Painted these roses, used metallic and plain paint, different effects depending on how the light hits the painting. I used quite opaque plain paints so they would show up on the black cartridge paper I used. Also it is part of my #bandofsketchers picture, the prompt was valentines day…
A rose, red as blood. Thorns or thornless, a joyful thing. Here is life and beauty, scent of musk, blooms that attract bees and insects. I remember the rose bush at home when I was a child. It had bright pink roses climbing up some trellis work. We used to collect the petals and try and make scented water out of them. It didn’t really work, but it was fun trying. The rose bush must have been eight or ten feet high and as wide. In the summer the scent was fantastic. I remember it was next to an old shed and the paint on the door was green and bubbling off because of the sunlight. The contrast between the fresh roses and the shed door was so interesting….
Painting, acrylic on canvas, from about three years ago. This is loosly based on the yin yang symbol. The blue is for water, the canal runs next to a lot of potbank, it was used to transport pottery around the country. The flowers are meant to represent canal Roses. They were a design that was used on metal objects on canal barges, like pots and tin watering cans and jugs. They are also painted directly onto the barges as decoration. The potbank shape curves round and is sometimes held in place by metal bands.
In exchange for some pears my friend gave me some flowers. I thought how kind, I wasn’t expecting anything back. The roses are a mellow red colour, and there are pale purple Fushias and white roses and some different white flowers.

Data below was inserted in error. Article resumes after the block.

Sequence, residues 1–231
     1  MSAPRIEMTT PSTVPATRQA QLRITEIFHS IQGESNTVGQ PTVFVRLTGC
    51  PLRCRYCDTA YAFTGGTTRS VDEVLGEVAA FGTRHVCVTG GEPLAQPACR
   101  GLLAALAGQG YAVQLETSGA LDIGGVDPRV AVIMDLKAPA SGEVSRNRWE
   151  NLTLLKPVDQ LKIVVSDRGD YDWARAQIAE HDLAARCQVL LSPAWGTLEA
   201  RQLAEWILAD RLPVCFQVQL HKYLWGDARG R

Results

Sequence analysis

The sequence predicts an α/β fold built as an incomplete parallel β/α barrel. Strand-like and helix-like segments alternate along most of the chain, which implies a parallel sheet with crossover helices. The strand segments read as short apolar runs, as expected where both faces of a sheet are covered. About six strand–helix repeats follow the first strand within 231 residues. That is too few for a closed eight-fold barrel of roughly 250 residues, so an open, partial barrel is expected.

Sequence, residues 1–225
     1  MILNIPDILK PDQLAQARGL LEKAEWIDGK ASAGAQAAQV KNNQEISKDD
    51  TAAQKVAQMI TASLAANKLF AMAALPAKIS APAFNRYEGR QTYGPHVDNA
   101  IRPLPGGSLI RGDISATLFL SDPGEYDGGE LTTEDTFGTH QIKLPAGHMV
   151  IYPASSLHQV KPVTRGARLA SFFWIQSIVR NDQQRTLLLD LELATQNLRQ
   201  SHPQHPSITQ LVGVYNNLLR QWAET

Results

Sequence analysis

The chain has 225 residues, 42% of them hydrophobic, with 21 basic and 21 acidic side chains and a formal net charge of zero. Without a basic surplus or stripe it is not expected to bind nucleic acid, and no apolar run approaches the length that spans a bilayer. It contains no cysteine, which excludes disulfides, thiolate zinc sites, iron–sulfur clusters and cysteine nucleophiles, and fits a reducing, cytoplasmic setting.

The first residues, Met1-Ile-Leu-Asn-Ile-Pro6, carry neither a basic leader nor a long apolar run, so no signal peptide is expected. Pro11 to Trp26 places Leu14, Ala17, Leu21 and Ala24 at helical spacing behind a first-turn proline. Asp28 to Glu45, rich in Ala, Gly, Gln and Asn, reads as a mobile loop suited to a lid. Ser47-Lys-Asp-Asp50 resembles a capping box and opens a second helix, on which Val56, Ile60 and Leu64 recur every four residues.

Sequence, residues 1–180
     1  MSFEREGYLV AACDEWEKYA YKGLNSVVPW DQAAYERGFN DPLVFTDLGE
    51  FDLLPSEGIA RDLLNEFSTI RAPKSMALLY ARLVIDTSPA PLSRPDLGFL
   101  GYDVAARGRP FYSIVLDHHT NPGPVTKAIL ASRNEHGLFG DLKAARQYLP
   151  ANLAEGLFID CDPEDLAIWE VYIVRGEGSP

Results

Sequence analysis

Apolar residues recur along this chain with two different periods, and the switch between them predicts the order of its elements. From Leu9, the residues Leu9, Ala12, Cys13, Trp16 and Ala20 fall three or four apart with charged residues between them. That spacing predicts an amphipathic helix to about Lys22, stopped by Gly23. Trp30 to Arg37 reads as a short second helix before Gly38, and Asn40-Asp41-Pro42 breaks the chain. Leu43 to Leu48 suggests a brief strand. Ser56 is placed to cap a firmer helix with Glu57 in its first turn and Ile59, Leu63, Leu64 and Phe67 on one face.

Apparently the Victorians used to give different meanings to different plants. For instance Forget-me-nots. I think also Pansies and Lily of the Valley. I don’t know the meanings, but I know people used to press flowers within the pages of heavy books. Or even flower presses. The idea was to squash the flower so it became dried and flattened. If the person pressing it was artistic it could be used in artwork, some of them would be used for illustration purposes. I’m not sure how they would have coped with larger flowers like multi petal led or stemmed flowers. I guess they would have needed more steady pressure? Sorry, a lot of this is speculation. My mind wanders across different thoughts….
View through the window, from our living room. Our TV is at the bottom of the page. We have a pottery (Portmeirion) opposite where we live. They do have some ground that they garden, but they used to have roses scrambling all up the building. Sadly some of these have recently been cut back so the view is a bit less colourful now. Higher up the hill they are still there, still in flower. This is in a small sketchbook and is drawn with felt pens, some permanent markers a few coloured pencils and a thin black ink pen. The image on the TV is grey because we were watching a black and white film.